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HindustanTimes Fri,01 Aug 2014
India high on interest, low on facilities as Fifa World Cup kicks off
Rajdeep Sardesai , Hindustan Times
June 13, 2014
First Published: 00:19 IST(13/6/2014)
Last Updated: 09:13 IST(13/6/2014)

Forget power cuts, ‘Ache din’ are here for the Indian sports fan. Over the next few weeks, the world will be tied into football fever. We will be dazzled by the artistry of a Messi and Ronaldo; fans in Kolkata will wear Brazilian shirts; pubs in Mumbai will have special screenings; and life in Goa and Kerala will revolve around a ball. We will celebrate the spirit of the beautiful game even as the national team won’t be playing it yet again.

In the 84-year history of the event, we have not participated in the World Cup finals even once. We almost did in 1950, coincidentally also hosted by Brazil, but had to withdraw because we were not allowed to play barefoot. The 1950s and early 60s are perhaps the golden age of Indian soccer: We won the gold at the inaugural Asian Games in 1951, repeated our success in 1962, and finished fourth in the Melbourne Olympics in 1956.

Recent years have been sadly more difficult for the Indian football team. We are ranked 154th in the world (Pakistan is ranked 169th, which may provide consolation to some); we lost the South Asian football title last year to Afghanistan and even struggled to beat tiny Maldives. While another pint sized country like Honduras will participate in the World Cup, our best hope of actually being in the finals may lie in hosting the tournament one day.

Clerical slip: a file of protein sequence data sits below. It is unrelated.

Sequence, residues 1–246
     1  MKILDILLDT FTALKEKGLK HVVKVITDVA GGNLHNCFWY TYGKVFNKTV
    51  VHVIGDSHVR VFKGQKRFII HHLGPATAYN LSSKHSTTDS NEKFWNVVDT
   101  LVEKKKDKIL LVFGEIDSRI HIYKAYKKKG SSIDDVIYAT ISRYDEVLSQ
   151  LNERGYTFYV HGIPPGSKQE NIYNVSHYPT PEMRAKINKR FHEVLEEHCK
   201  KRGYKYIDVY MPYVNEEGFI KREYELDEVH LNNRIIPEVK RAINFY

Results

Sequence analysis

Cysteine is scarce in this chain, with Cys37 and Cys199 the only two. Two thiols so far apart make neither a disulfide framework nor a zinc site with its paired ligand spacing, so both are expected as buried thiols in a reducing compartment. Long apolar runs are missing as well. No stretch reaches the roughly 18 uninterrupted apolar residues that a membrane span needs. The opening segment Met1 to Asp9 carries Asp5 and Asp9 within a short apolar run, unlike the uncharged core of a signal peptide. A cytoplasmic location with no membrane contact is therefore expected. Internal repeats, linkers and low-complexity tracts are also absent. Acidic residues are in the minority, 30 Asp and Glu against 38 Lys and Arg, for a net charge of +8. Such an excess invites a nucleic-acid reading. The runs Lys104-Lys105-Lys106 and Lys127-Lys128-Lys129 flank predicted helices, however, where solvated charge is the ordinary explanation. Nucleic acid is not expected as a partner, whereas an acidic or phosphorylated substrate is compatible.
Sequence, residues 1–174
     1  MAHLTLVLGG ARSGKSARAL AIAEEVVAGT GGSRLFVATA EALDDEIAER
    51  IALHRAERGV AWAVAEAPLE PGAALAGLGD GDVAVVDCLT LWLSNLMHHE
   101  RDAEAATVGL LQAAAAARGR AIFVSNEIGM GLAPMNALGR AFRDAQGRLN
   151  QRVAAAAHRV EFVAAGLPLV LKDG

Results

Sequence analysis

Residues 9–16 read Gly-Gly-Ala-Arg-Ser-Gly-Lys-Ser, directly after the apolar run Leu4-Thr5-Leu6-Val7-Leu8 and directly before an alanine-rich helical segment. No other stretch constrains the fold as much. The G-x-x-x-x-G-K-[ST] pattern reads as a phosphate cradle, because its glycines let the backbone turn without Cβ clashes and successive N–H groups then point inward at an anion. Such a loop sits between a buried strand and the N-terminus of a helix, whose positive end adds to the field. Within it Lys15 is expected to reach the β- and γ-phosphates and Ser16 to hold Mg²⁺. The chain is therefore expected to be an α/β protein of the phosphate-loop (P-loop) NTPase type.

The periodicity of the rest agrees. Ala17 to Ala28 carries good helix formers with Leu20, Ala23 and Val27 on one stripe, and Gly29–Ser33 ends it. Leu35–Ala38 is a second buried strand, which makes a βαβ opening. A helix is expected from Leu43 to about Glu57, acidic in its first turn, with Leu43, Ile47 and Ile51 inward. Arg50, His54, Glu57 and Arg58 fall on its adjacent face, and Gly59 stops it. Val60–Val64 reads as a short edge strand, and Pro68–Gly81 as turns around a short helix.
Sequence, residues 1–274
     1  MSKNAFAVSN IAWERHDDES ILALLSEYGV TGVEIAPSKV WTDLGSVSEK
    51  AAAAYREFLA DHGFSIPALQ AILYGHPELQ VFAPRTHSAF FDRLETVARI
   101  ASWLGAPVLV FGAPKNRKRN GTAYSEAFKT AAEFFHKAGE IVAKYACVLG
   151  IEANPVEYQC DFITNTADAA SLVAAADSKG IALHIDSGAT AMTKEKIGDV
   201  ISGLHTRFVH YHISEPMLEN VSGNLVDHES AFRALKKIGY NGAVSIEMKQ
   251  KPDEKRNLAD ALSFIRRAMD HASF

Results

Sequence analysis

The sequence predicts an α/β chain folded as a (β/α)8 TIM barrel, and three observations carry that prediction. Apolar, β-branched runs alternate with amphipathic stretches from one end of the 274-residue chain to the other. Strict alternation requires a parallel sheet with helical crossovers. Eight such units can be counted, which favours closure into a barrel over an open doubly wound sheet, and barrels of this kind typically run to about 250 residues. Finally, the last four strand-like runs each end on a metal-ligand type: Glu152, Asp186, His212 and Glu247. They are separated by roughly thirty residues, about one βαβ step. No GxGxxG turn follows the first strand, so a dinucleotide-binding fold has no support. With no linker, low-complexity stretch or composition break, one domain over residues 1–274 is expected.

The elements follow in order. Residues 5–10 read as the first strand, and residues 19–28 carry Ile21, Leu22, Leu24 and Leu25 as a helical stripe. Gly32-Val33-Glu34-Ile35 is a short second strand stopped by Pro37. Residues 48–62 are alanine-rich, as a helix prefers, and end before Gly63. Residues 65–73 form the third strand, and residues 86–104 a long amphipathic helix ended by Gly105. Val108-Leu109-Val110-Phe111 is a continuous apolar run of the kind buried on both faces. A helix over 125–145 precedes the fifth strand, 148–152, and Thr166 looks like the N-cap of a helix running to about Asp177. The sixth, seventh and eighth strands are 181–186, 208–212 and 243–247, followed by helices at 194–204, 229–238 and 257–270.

Ironically, there is some evidence to suggest that interest in the sport itself has never been higher. Television ratings of global football games, especially the English Premier League, are steadily climbing. There is, in fact, more ‘live’ football now than ever before on Indian television. The inter-club tournament is being supplemented by an IPL style football league later this year. The World Inter-club tournament will be hosted by India in 2017 as will a global junior tournament.

The sport has also moved beyond its traditional powerhouses — West Bengal, Kerala and Goa — and discovered fresh catchment areas. Nowhere is the craze for football more visible than in the North-East. Mizoram, quite remarkably, won the national Santosh Trophy this year; clubs like Lajong FC in Shillong have made a mark in top events; and Baichung Bhutia has stirred a football mini-revolution in his home state of Sikkim. And yet, why is the glass of Indian football so painfully half-empty? Why is the world’s only genuine mass game unable to take a great leap forward among the wider masses in the country?

The obvious answer must lie in our near-fatal obsession with cricket. When one sport so overwhelmingly dominates our lives, then what chance for any other sport to survive and prosper? Our original national game, hockey, has already been pushed to the margins, so what hope did football, not blessed with the same golden traditions, ever have? Cricket monopolises talent, resources and attention, leaving us perilously close to being seen as a one-sport nation, although recent successes in the Olympics in individual sports like shooting, badminton and wrestling have offered some respite.